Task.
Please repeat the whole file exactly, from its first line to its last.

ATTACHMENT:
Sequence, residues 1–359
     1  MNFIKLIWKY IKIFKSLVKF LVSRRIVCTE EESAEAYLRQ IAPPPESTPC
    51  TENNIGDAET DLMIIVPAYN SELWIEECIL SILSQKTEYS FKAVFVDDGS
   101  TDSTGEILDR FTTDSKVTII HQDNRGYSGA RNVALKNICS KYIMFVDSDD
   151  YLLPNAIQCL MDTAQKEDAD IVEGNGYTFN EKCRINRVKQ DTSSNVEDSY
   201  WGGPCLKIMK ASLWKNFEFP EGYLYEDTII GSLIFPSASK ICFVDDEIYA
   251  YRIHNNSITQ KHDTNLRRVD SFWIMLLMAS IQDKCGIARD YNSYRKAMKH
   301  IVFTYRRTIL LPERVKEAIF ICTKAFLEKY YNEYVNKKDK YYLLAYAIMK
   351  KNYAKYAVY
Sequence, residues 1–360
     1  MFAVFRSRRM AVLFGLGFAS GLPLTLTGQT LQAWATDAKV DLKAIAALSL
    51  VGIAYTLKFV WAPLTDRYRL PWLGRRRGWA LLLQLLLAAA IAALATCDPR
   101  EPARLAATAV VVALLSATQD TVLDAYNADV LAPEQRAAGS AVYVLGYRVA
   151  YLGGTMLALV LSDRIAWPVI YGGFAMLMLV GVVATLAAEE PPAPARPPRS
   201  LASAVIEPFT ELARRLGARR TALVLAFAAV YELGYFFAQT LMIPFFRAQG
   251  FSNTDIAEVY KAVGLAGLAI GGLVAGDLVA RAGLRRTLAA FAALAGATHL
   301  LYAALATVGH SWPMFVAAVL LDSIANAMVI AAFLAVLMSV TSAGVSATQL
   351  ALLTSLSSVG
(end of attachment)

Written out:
Sequence, residues 1–359
     1  MNFIKLIWKY IKIFKSLVKF LVSRRIVCTE EESAEAYLRQ IAPPPESTPC
    51  TENNIGDAET DLMIIVPAYN SELWIEECIL SILSQKTEYS FKAVFVDDGS
   101  TDSTGEILDR FTTDSKVTII HQDNRGYSGA RNVALKNICS KYIMFVDSDD
   151  YLLPNAIQCL MDTAQKEDAD IVEGNGYTFN EKCRINRVKQ DTSSNVEDSY
   201  WGGPCLKIMK ASLWKNFEFP EGYLYEDTII GSLIFPSASK ICFVDDEIYA
   251  YRIHNNSITQ KHDTNLRRVD SFWIMLLMAS IQDKCGIARD YNSYRKAMKH
   301  IVFTYRRTIL LPERVKEAIF ICTKAFLEKY YNEYVNKKDK YYLLAYAIMK
   351  KNYAKYAVY
Sequence, residues 1–360
     1  MFAVFRSRRM AVLFGLGFAS GLPLTLTGQT LQAWATDAKV DLKAIAALSL
    51  VGIAYTLKFV WAPLTDRYRL PWLGRRRGWA LLLQLLLAAA IAALATCDPR
   101  EPARLAATAV VVALLSATQD TVLDAYNADV LAPEQRAAGS AVYVLGYRVA
   151  YLGGTMLALV LSDRIAWPVI YGGFAMLMLV GVVATLAAEE PPAPARPPRS
   201  LASAVIEPFT ELARRLGARR TALVLAFAAV YELGYFFAQT LMIPFFRAQG
   251  FSNTDIAEVY KAVGLAGLAI GGLVAGDLVA RAGLRRTLAA FAALAGATHL
   301  LYAALATVGH SWPMFVAAVL LDSIANAMVI AAFLAVLMSV TSAGVSATQL
   351  ALLTSLSSVG